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What is a home inspection?

Answering this requires understanding what an inspection is and isn’t.  A home inspection is a full inspection of your potential home, that will identify any defects that may cost you more money going forward. Your licensed inspector will follow a checklist of items to be sure the home is the quality that you expect.  For example, an exterior inspection will include looking for missing, damaged or curling/cupping shingles.  That would indicate that the roof needs repair, or even replacement, and an estimate of the time frame for those repairs.  This will give you bargaining power as you make your offer on the home.  They’ll also look at flashing around roof penetrations, to be sure it’s in good condition.  An inspection will also include the state of major systems, like plumbing, electrical, and heating/cooling components.

What do home inspectors look for?

A qualified, experienced and licensed inspector is hired to provide their educated observations about the condition of the house to be purchased.  They will provide the buyer with a report that will be filled with information about the structure and mechanicals.  Inspectors work for the buyer of a property, not the seller.  They are your assurance that the property you are buying is in good condition, and if it’s not, what items need to be repaired.  This gives you as the buyer the option to negotiate for those items to be fixed before you occupy the property, or to have allowances written into your offer.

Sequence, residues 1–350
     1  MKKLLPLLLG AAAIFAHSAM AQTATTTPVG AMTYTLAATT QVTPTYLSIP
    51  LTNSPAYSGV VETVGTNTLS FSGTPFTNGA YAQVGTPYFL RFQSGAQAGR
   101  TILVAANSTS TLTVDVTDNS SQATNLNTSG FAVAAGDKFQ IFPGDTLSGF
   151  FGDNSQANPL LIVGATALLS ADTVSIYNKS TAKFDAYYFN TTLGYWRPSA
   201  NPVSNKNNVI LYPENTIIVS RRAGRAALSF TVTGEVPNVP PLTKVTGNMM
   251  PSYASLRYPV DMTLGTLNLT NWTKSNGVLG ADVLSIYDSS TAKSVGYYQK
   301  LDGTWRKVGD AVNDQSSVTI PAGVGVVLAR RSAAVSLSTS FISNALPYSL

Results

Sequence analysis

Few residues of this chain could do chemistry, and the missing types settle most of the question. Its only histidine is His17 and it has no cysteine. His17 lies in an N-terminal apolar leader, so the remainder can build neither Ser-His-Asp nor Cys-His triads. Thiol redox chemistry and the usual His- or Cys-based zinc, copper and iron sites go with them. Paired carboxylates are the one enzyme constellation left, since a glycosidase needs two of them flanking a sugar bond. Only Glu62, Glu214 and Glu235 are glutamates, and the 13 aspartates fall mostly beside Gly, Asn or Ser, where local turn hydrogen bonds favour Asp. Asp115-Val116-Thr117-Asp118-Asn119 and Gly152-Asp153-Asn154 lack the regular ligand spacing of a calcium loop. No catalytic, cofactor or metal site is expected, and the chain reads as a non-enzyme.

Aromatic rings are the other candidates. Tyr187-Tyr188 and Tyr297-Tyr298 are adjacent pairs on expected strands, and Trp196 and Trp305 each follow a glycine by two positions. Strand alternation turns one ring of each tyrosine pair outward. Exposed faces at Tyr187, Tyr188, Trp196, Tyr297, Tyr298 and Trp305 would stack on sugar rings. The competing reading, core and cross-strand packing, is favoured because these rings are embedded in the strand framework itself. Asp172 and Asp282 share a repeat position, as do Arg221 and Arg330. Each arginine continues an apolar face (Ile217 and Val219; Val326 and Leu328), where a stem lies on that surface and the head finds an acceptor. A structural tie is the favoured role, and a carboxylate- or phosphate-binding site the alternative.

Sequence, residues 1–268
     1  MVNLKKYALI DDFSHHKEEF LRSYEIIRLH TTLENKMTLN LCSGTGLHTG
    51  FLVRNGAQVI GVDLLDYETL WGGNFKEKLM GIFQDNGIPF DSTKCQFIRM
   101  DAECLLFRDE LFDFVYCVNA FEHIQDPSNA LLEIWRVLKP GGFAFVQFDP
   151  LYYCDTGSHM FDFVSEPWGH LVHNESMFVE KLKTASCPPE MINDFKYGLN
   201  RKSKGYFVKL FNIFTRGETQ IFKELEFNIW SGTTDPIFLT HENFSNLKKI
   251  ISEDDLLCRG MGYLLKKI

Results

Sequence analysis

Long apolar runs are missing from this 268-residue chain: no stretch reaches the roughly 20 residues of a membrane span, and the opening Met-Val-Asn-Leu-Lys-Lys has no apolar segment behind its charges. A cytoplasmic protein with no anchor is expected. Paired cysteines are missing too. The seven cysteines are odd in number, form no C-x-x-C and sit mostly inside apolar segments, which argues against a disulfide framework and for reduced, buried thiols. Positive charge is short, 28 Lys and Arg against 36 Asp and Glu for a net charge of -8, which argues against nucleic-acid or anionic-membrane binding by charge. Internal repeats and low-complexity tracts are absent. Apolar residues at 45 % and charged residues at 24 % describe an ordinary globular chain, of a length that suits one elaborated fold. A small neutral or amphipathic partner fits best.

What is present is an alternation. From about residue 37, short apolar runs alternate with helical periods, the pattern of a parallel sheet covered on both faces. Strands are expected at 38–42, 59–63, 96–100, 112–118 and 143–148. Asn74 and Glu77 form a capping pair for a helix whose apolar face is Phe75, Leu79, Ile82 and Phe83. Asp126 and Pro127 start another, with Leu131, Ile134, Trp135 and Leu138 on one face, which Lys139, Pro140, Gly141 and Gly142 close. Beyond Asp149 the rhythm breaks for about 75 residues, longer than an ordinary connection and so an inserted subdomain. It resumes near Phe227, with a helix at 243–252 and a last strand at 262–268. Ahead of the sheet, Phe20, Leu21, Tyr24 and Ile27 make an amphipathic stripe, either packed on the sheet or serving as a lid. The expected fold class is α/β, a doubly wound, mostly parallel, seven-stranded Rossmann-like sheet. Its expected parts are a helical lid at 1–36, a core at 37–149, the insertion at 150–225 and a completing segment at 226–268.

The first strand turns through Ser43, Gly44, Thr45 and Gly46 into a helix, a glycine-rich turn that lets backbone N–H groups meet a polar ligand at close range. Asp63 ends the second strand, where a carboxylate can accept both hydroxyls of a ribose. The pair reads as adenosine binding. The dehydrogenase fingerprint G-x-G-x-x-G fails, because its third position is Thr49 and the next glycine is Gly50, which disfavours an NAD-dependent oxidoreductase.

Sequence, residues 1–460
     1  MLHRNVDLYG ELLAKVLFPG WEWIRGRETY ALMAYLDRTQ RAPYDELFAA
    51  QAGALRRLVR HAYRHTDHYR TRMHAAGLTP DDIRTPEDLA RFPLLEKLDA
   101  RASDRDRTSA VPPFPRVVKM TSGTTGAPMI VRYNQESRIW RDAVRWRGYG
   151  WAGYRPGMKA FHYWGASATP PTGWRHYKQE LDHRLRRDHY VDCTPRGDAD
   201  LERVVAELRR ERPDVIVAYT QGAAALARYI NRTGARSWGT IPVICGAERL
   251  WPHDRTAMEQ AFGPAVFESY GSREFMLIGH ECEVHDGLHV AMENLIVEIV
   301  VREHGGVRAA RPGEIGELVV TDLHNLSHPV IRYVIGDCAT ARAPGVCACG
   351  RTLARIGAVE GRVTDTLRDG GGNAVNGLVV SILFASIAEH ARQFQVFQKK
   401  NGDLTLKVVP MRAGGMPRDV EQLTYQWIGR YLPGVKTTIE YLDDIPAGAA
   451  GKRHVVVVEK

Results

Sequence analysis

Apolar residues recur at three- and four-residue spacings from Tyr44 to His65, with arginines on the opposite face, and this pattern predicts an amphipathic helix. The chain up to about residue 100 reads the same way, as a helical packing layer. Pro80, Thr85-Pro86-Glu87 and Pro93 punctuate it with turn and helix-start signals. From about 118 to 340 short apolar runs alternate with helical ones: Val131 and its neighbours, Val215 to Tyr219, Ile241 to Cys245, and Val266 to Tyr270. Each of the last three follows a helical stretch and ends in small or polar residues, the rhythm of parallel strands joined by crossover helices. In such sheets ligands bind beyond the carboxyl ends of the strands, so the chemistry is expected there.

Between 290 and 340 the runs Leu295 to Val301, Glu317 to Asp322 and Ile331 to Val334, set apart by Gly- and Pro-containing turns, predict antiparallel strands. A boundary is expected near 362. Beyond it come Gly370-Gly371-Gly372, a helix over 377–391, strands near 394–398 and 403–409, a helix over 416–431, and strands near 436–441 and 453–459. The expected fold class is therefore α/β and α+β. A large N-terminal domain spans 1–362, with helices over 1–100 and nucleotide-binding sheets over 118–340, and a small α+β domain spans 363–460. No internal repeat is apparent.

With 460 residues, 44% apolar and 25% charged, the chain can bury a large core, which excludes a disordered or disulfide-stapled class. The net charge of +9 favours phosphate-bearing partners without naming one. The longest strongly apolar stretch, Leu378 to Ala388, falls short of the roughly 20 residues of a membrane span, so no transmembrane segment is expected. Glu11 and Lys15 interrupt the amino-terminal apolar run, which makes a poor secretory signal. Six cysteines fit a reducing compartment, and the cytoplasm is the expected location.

How do you find a home inspector?

Home inspectors work within the real estate realm, and often agents and lenders have preferred inspectors they use and can recommend.  If you are choosing your own, look for a company that is bonded and insured.  Make sure they are licensed by the state, and check the Better Business Bureau to be sure they have a good reputation and no complaints.  You can even ask to view previous reports to see how thorough they are when the inspect a home.  Costs vary, and are usually the buyer’s responsibility.  If you need or want additional testing for things like mold, mildew, radon, and asbestos, you may run into additional fees, so be sure to ask about those items up front.

Is an inspection mandatory?

As I’m writing this, the market is low on inventory, and it’s a seller’s market.  Many buyers are waiving their inspections in order to compete for the limited homes available.  Weigh the factors at the time you are searching for your home.  Inspections are not required, but they are recommended.  You’ll go into your new home with your eyes open to needed repairs and an idea of what requires care.  But there is some wiggle room:  You can have an inspection, but not make the purchase of the home contingent upon the results. 

Happy house hunting!

Melissa

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